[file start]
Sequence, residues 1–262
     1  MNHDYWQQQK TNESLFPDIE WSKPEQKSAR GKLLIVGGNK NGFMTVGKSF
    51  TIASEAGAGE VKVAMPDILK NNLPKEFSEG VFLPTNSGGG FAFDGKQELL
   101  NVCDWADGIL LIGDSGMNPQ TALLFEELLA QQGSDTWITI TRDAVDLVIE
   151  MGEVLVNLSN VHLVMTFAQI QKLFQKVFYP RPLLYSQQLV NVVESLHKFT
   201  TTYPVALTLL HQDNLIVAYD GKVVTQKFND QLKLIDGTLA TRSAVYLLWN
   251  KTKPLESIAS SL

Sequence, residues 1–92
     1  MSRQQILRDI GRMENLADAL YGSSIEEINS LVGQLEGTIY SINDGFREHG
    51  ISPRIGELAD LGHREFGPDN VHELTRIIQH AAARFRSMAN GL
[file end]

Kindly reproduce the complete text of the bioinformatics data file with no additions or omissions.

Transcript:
Sequence, residues 1–262
     1  MNHDYWQQQK TNESLFPDIE WSKPEQKSAR GKLLIVGGNK NGFMTVGKSF
    51  TIASEAGAGE VKVAMPDILK NNLPKEFSEG VFLPTNSGGG FAFDGKQELL
   101  NVCDWADGIL LIGDSGMNPQ TALLFEELLA QQGSDTWITI TRDAVDLVIE
   151  MGEVLVNLSN VHLVMTFAQI QKLFQKVFYP RPLLYSQQLV NVVESLHKFT
   201  TTYPVALTLL HQDNLIVAYD GKVVTQKFND QLKLIDGTLA TRSAVYLLWN
   251  KTKPLESIAS SL

Sequence, residues 1–92
     1  MSRQQILRDI GRMENLADAL YGSSIEEINS LVGQLEGTIY SINDGFREHG
    51  ISPRIGELAD LGHREFGPDN VHELTRIIQH AAARFRSMAN GL